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Taking Private Philanthropy Public: Eye on the Giving Pledge

August 08, 2012

(Janet Camarena is the director of the Foundation Center's San Francisco office and leads the center's Glasspockets effort.)

Pledge_wordleTwo years have passed since Warren Buffett and Bill and Melinda Gates launched the Giving Pledge, an effort to convince the world's wealthiest families and individuals to commit more than half their assets to philanthropy. Initially, four families signed the Pledge, and after two months thirty-six more had joined them. Since then, the size of the list has more than doubled, with eighty-one families or individuals having now signed on.

Given the high profile and net worth of those involved, the launch of the Giving Pledge was accompanied by much fanfare and enthusiasm. Indeed, because philanthropy is often viewed as a private, family affair by those who engage in it, one could view participation in the Giving Pledge as a sort of Public Philanthropic Offering. So now that the bell has been rung, what's next?

Because the Foundation Center's Glasspockets site focuses on philanthropic transparency, we decided earlier this year to create a new feature, Eye on the Giving Pledge, to help track the charitable activities of Giving Pledgers and highlight some of the demographic trends and giving interests of pledge participants. Things like: Who has signed the Pledge? In which industries did they make their fortunes? Where are they based? What causes do they support? "Eye on the Giving Pledge" provides a way to follow how those who have made commitments are fulfilling their pledges.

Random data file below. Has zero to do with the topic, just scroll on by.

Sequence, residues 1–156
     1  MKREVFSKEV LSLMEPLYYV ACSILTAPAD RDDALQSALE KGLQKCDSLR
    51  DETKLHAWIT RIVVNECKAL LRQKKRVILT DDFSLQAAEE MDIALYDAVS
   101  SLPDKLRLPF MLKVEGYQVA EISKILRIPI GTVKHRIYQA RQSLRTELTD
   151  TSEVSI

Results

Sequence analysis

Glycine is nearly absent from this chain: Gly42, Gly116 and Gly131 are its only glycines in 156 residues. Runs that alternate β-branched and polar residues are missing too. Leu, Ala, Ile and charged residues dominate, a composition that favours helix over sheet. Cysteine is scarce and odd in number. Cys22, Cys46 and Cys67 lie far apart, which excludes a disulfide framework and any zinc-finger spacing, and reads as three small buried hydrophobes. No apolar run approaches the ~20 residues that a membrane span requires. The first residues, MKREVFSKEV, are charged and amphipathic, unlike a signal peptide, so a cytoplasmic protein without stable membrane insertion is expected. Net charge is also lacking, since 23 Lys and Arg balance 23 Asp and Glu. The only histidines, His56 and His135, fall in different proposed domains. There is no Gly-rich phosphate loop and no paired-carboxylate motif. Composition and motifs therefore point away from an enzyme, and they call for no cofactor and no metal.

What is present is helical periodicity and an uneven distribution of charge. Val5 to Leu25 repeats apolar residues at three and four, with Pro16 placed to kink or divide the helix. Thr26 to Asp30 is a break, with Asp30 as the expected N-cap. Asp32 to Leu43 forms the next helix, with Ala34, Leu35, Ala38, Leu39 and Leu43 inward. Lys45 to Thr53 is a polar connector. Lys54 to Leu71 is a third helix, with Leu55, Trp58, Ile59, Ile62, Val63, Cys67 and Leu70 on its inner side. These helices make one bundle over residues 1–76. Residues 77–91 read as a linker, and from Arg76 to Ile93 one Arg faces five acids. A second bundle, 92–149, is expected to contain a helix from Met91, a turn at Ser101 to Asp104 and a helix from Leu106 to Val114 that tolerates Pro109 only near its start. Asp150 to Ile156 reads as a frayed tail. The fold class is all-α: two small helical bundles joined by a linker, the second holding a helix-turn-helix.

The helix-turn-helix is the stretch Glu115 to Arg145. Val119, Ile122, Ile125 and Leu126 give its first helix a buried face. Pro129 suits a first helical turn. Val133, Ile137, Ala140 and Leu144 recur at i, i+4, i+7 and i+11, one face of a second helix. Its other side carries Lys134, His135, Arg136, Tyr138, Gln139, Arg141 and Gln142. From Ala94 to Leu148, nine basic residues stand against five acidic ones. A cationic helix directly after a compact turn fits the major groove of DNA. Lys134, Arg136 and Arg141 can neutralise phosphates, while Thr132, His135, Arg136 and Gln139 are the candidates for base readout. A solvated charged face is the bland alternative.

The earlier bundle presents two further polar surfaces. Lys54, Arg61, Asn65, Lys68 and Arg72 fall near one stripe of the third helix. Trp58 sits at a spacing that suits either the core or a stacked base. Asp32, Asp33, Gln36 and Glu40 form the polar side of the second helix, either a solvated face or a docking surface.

The decision by Warren Buffett and Bill and Melinda Gates to use their influence and networks to drive more dollars to philanthropy should be celebrated. In addition to the leadership they've demonstrated with the Giving Pledge itself, the Gateses also are providing an excellent example for other Pledge participants by making their family foundation the principle vehicle for their philanthropy. At the Bill & Melinda Gates Foundation Web site, the public can readily access a complete record of the foundation's grantmaking via its 990-PFs, determine whether its grantmaking is limited to pre-selected organizations, read press releases about noteworthy new grants, check out Bill Gates' annual letter detailing many of the foundation's successes (and some of its failures), and listen to a regular podcast featuring staff members sharing insights about the foundation's evolving grantmaking strategies.

Of course, many Pledgers will opt or continue to use other vehicles for their giving, vehicles that do not have the same reporting requirements as foundations. In those cases, we've done our best to capture examples of that giving from public information sources. Since we expect there will be gaps in our coverage due to the challenges inherent in tracking individual giving, we invite you to help us surface additional knowledge through an online form provided for that purpose.

With a combined net worth of roughly $400 billion, the eighty-one signatories to the Giving Pledge could end up contributing an additional $200 billion or more to charity over time. In addition to the tangible benefits of all that giving, we think it's refreshing to see some of the world's wealthiest people celebrated not just for the next deal but for their next gift -- and for publicly committing to use their wealth for the public good. Or, to put it another way, shouldn't actual giving be as celebrated as the intention to give?

-- Janet Camarena

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